Folic acid-responsive neurological diseases in Japan.
J Nutr Sci Vitaminol (Tokyo). 2001 Jun;47(3):181-7. PMID: 11575572
Third Department of Internal Medicine, Hiroshima University School of Medicine, Japan.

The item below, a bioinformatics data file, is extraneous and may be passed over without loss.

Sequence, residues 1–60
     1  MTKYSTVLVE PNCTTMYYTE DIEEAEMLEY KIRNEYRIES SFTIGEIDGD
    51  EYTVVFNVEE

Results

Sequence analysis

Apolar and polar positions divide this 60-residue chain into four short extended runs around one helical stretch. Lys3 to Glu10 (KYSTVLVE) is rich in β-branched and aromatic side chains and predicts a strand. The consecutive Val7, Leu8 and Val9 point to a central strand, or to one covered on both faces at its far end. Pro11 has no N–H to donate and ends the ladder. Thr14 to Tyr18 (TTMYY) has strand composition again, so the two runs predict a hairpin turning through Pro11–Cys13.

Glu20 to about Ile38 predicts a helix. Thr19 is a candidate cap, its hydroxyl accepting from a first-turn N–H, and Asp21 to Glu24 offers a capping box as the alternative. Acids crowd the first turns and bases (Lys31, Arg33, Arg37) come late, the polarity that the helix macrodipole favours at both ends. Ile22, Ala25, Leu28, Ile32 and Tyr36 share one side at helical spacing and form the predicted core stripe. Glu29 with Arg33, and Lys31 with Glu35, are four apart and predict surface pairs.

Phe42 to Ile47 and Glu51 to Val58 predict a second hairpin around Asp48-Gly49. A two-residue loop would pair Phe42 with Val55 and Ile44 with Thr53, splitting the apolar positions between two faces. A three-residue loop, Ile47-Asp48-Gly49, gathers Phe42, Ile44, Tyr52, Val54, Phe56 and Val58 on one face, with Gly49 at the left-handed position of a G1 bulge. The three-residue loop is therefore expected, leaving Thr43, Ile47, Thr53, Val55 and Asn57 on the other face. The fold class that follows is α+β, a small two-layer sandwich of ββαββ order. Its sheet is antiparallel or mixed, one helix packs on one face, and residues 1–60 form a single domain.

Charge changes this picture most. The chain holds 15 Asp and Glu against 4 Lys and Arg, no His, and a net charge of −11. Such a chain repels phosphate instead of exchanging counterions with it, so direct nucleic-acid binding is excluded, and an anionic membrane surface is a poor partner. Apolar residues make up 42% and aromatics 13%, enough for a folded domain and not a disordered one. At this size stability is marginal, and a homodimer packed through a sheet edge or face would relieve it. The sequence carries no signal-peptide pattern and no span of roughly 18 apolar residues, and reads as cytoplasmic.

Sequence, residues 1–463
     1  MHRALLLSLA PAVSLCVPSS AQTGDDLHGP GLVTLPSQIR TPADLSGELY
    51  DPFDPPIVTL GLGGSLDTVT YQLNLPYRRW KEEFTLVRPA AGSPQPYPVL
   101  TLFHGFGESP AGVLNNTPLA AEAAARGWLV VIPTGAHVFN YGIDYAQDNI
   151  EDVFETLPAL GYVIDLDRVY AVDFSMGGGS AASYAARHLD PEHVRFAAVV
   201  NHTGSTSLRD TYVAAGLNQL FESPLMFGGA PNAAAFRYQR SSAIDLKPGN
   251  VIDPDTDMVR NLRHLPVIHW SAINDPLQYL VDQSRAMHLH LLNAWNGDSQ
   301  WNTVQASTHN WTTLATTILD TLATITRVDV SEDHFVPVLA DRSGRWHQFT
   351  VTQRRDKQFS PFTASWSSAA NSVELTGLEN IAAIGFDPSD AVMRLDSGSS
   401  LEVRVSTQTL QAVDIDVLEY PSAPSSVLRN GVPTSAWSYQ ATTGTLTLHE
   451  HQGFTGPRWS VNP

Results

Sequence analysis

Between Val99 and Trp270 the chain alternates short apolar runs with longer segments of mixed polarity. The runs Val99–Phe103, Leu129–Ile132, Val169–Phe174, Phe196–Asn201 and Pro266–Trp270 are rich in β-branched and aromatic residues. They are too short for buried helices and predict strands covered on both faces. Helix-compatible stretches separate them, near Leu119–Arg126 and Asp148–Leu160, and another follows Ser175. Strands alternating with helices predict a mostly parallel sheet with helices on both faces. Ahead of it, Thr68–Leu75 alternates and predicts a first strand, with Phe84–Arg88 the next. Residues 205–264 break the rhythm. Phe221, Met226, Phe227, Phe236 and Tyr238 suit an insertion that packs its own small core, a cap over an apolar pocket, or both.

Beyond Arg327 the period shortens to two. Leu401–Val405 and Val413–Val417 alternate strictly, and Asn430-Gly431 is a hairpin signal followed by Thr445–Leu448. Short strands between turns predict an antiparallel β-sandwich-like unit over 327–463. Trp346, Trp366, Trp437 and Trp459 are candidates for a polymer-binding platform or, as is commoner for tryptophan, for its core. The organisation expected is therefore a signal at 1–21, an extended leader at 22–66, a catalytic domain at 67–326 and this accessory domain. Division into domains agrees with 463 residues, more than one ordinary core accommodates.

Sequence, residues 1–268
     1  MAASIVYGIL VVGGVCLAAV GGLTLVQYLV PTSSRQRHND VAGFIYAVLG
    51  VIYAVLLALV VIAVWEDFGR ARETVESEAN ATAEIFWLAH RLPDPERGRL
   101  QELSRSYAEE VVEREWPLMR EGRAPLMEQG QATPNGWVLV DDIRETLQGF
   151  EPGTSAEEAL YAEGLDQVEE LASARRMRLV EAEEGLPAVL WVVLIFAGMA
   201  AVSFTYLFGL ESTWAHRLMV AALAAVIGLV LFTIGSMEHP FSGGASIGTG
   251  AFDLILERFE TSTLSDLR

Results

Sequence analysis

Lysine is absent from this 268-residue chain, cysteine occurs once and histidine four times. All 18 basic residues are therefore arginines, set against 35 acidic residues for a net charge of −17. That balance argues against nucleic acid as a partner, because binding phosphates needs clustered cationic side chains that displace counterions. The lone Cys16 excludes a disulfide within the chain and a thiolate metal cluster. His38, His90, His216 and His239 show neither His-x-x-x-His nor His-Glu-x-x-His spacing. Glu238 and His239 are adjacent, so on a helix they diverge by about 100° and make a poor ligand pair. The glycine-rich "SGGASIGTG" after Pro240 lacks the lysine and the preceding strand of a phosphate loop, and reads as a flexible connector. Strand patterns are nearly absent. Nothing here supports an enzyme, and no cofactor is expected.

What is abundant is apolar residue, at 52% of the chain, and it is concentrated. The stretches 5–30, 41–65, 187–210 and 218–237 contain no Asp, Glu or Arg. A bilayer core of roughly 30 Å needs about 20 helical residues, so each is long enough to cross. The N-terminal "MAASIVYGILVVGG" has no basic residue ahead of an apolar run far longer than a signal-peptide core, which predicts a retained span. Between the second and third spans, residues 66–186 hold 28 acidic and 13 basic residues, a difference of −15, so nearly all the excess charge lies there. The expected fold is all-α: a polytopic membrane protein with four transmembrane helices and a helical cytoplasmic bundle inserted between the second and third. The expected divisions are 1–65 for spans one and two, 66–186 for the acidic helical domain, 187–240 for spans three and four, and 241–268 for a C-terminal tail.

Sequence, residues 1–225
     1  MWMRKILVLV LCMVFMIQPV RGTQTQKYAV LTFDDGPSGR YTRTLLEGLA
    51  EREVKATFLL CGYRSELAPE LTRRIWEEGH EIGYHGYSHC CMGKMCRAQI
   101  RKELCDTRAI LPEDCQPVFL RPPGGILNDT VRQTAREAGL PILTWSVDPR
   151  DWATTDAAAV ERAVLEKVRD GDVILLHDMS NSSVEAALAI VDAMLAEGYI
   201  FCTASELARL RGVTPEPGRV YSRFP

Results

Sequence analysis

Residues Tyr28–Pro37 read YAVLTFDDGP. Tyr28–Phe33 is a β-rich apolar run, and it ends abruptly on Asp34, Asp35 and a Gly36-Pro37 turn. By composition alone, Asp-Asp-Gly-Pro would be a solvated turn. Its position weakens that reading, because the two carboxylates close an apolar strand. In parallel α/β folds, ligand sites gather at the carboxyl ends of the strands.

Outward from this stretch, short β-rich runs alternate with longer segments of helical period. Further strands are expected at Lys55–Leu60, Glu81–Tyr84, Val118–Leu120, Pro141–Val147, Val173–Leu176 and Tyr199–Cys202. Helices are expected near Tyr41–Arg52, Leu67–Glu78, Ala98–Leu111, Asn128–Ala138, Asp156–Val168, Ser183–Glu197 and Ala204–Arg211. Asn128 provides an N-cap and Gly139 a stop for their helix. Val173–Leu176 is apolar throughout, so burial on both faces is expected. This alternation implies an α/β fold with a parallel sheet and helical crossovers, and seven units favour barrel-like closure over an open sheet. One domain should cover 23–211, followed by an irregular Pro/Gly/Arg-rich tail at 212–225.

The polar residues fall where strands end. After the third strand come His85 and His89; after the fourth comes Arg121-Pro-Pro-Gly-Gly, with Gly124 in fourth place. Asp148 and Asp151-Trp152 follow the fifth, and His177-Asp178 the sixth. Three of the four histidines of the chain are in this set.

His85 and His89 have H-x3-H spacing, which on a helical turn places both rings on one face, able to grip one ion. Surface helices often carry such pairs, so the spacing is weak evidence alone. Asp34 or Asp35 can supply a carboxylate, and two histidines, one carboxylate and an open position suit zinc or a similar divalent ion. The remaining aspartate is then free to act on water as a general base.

Folic acid (folate) levels were measured in the serum of patients with various neurological diseases in Japan. Thirty-six patients showed decreased serum folate levels among 343 consecutive neurological patients (10.5%). Folate administration (15 mg/d) to folate-deficient patients improved neurological symptoms in 24 of 36 cases (67%). Serum folate levels were significantly lower in female than in male folate-deficient patients. Folate-deficient patients showed predominantly axonal neuropathy, which responded to folate supplementation more markedly. Male patients more frequently exhibited neuropathy, especially demyelinating and motor-dominant neuropathy, than females. Anemia was correlated with male sex and low serum folate levels. Male patients were more responsive than females to folate treatment. More male patients had taken excess alcohol or received gastrectomies than females. Neurological symptoms were more frequently improved by folate supplementation in patients with neuropathy than exclusive encephalopathy. Serum folate levels were lower in patients with encephalopathy, especially those with dementia, while folate therapy was more effective in neurological patients without dementia. Dysgeusia and anemia improved in all patients after folate administration. Neurological patients with malabsorption or treated with continuous drip infusion were resistant to folate therapy. Since folate-responsive neuroencepahlopathies are not rare among patients with neurological diseases in Japan, the serum folate level would serve as a valuable indicator for folate supplement therapy.